Back in April last year, we brought you news of a Chinese EV saloon that claimed 438 miles [705km] of range on a single charge, whilst costing the equivalent of around £27,000 [approx. RM148,933] after government subsidies. That was the P7, built by an all-electric startup known as Xpeng.
Since then, Xpeng has gone from strength to strength in its home country and has started selling its only other model, the G3 crossover, in small numbers in Norway. Now though, Xpeng’s vice chairman Brian Gu has confirmed that the relatively young brand (founded in 2014) is looking to expand into the rest of Europe.
“We’ve recognised the potential of the European market for some time. We see ourselves not just as a local brand in China, but with our technology, design and product we should be able to offer that to all customers worldwide,” Gu told TG recently.
“We want to unveil our strategy for several other countries in Europe this year. We’re also thinking about bringing not just the G3, but I think the P7 saloon will be very well received in the European market.”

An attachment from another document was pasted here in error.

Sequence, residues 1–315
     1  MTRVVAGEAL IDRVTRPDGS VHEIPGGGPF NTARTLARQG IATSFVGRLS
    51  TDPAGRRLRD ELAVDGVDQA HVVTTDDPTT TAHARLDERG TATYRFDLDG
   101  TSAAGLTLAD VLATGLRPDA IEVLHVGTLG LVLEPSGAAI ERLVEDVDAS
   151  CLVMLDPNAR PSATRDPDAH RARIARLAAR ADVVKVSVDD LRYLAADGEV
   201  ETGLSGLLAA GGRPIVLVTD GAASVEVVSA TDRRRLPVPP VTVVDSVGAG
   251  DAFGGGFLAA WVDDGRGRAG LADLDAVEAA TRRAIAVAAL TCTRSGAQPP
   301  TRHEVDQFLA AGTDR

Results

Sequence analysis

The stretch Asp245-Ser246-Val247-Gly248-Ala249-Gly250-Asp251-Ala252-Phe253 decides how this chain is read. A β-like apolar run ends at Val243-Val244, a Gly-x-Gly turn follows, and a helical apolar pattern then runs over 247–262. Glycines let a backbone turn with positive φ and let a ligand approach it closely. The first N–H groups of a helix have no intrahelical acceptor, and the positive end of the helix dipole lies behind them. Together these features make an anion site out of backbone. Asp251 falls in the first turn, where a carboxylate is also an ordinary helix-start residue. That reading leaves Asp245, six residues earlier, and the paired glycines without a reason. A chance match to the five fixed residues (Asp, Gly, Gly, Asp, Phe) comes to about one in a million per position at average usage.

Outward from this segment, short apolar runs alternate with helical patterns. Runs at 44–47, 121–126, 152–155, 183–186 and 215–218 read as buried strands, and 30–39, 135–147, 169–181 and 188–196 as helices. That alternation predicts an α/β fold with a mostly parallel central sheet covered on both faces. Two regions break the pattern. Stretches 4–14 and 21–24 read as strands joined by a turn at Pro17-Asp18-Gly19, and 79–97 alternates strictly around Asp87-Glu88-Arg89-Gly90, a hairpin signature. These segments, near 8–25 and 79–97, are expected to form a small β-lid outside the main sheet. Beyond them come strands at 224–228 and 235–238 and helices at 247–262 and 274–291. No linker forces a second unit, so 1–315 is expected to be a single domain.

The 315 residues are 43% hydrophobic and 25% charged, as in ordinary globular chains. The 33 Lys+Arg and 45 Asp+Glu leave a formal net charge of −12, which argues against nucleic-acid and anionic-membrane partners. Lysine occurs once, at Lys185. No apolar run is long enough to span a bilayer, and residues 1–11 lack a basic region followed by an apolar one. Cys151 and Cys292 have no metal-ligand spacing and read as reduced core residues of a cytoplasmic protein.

There’s more going on too, because Xpeng is currently developing new models at a decent rate. It plans to release a new product every year and 2021’s will be a ‘family saloon’ with a shorter wheelbase but more interior space than the P7. It’ll be based on the G3’s platform and will have much self-driving tech – something which Xpeng is going rather big on.
The Guangzhou-based firm is planning to sell its cars in Europe in a traditional manner, though. “It’s not easy to build a consumer brand. You need to have a local presence in each of these European countries. There are still language differences and the product needs to be tuned to fit the local customer taste,” says Gu.
“Online selling would not be the best way to start a brand. I think for us we’ll make sure that we start off with something that gives us access to and interaction with customers.”
Another thing that isn’t part of Xpeng’s plans is a free supercharging network like the one it has recently built for its customers across China – that should make a certain Mr Musk rather happy.
What do we think, Internet?